Viewed by 266
Abstract
Although the existence of Quakers in Virginia is well known, the best recent surveys of Virginia history devote only passing attention to them, mostly in the context of expanding religious freedoms during the revolutionary era. Few discuss the Quakers themselves or the nature [...] Read more.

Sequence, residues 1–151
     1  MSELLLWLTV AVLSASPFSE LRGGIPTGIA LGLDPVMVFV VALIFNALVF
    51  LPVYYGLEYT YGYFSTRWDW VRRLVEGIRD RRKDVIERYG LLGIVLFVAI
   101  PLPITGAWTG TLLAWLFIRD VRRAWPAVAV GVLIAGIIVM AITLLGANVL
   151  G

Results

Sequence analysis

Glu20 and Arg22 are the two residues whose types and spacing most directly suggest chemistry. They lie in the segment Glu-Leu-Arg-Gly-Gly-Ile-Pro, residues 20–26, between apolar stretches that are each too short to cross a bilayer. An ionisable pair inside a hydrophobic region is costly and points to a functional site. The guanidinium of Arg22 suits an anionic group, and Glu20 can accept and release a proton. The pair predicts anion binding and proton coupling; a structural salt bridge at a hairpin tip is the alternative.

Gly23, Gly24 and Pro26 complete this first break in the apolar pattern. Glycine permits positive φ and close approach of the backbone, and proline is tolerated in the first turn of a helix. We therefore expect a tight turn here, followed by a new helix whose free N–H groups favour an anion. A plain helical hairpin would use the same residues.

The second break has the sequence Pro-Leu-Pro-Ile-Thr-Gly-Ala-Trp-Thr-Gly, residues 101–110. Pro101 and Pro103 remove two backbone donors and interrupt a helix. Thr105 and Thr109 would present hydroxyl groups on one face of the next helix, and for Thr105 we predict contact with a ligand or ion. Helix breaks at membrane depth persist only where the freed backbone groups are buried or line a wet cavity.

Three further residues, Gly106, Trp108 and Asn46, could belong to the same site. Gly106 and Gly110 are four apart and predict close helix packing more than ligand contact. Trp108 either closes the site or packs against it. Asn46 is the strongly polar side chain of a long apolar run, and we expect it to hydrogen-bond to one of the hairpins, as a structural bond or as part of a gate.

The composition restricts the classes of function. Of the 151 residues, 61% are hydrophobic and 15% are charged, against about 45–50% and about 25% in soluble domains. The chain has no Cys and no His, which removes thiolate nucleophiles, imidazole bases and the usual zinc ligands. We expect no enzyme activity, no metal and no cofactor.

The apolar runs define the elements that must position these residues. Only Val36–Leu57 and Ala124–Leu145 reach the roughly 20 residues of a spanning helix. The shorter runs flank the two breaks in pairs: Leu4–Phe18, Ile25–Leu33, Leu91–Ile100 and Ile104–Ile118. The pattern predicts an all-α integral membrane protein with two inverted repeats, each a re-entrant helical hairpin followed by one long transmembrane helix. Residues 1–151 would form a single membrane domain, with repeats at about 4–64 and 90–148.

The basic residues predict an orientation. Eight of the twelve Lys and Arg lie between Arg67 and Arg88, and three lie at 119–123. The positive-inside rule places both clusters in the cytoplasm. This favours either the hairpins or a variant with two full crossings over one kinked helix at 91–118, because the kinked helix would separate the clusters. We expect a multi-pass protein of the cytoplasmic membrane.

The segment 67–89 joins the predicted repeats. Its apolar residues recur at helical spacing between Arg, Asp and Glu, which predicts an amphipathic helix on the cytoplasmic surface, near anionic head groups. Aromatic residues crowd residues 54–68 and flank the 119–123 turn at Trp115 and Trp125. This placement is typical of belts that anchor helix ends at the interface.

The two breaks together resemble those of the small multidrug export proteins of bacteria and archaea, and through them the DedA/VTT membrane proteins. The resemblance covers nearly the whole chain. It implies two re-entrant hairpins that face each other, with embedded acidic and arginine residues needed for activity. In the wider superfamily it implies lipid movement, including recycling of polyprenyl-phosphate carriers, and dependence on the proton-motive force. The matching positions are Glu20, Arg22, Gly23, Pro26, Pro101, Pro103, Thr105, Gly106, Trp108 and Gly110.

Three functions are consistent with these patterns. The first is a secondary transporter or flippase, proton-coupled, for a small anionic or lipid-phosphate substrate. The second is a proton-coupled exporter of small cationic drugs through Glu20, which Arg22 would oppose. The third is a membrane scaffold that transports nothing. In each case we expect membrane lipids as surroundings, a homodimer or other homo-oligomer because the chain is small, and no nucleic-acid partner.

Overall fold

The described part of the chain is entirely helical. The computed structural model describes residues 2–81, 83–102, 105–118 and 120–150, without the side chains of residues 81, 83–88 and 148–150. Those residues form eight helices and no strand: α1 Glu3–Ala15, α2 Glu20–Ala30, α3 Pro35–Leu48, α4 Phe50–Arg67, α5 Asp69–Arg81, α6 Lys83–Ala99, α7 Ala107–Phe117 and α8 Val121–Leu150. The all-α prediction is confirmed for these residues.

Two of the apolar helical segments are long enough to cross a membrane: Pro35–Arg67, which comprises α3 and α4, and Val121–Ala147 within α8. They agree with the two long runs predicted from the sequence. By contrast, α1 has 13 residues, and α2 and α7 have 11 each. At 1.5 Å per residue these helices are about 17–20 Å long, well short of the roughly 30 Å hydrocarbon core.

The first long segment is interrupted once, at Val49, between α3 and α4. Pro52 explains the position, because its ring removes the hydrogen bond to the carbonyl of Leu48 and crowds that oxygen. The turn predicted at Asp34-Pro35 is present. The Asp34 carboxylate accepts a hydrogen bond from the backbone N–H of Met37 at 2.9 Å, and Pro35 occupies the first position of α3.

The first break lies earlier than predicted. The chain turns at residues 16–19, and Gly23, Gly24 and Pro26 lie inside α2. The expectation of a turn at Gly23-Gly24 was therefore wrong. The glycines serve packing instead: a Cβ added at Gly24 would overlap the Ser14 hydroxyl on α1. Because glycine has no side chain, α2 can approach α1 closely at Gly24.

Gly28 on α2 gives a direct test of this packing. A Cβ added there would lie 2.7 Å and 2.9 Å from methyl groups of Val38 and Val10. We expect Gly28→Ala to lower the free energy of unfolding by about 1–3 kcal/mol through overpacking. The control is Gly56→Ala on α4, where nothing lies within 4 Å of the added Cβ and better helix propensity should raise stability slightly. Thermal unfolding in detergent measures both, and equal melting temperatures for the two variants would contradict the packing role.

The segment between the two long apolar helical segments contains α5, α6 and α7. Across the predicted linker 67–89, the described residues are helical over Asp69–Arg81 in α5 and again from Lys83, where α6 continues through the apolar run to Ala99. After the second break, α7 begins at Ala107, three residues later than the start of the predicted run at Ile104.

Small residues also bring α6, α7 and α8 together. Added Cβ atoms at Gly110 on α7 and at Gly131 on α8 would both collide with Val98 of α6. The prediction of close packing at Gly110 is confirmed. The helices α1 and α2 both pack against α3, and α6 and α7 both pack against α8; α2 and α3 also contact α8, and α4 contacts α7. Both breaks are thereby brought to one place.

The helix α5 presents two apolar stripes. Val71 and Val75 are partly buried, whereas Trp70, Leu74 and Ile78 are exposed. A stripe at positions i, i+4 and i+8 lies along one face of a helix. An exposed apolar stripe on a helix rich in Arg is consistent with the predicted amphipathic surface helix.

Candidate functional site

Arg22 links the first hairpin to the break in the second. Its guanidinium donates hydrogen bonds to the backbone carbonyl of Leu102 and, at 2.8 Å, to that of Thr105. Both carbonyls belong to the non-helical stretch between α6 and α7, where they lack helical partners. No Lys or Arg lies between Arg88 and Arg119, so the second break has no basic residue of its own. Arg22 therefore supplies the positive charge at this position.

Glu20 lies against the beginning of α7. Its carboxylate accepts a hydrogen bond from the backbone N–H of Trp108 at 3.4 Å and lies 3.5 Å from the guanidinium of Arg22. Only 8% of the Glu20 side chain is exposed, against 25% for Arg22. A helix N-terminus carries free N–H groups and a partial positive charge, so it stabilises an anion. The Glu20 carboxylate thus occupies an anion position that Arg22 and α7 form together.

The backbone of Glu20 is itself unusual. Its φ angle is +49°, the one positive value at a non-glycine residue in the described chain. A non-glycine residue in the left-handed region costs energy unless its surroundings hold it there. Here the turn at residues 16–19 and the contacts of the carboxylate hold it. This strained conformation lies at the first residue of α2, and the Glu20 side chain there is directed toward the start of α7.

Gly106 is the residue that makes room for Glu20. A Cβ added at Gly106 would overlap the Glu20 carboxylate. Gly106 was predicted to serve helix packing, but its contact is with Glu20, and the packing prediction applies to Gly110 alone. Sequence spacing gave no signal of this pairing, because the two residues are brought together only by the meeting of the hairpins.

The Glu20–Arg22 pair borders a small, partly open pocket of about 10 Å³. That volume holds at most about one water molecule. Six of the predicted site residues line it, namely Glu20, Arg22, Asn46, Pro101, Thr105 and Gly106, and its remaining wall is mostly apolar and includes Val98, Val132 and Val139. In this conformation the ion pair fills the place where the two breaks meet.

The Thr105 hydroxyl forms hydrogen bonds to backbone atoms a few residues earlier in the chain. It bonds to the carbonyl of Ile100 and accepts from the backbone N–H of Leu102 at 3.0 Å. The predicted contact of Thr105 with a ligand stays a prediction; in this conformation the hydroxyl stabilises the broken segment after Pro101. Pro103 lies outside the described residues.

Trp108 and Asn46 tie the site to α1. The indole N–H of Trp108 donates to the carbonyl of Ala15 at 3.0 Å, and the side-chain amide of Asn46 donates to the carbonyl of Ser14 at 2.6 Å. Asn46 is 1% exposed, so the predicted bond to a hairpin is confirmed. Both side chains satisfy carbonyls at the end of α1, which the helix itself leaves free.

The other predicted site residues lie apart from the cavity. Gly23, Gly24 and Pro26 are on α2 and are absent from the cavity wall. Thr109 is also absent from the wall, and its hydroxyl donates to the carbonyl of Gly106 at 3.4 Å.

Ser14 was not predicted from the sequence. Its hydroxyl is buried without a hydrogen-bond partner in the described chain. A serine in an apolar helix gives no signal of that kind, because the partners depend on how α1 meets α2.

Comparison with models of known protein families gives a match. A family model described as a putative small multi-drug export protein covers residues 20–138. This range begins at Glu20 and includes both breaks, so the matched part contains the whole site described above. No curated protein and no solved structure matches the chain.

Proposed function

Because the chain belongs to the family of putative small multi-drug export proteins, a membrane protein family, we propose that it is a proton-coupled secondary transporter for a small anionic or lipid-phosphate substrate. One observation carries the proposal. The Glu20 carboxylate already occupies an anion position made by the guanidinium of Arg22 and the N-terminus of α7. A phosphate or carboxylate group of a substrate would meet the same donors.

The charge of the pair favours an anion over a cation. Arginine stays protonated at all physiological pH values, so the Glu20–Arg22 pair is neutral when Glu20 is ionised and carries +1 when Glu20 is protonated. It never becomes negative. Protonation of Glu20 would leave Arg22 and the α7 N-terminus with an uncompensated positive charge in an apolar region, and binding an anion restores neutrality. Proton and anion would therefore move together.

Although the existence of Quakers in Virginia is well known, the best recent surveys of Virginia history devote only passing attention to them, mostly in the context of expanding religious freedoms during the revolutionary era. Few discuss the Quakers themselves or the nature of Quaker settlements although notably, Warren Hofstra, Larry Gragg, and others have studied aspects of the Backcountry Quaker experience. Recent Quaker historiography has reinterpreted the origins of the Quaker faith and the role of key individuals in the movement, including the roles of Quaker women. Numerous studies address Quaker women collectively. Few, however, examine individual families or women of different generations within a single family, and Robynne Rogers Healey has argued for “more biographies of less well-known Quaker women”. This essay uses a four-generation genealogical case study of the Quaker Bowater-Wright family to analyze the development of the Quaker faith in the Virginia backcountry and the lower South and its spread into the Old Northwest. In the backcountry environment, with its geographically isolated settlements and widely dispersed population, early Quaker migrants found fertile ground for both their economic and religious activities. The way of life that developed there differed significantly from the hierarchical Anglican structure of the Tidewater region and the more vocal evangelical groups with their independent congregational structure in the southern backcountry. This article argues that Quaker women played a critical role in shaping Quaker migration and institutional growth in eighteenth and nineteenth century America. It also suggests that the Quaker institutional structure reinforced family connections by creating a close bond that united southern Quakers across a great geographical area. Full article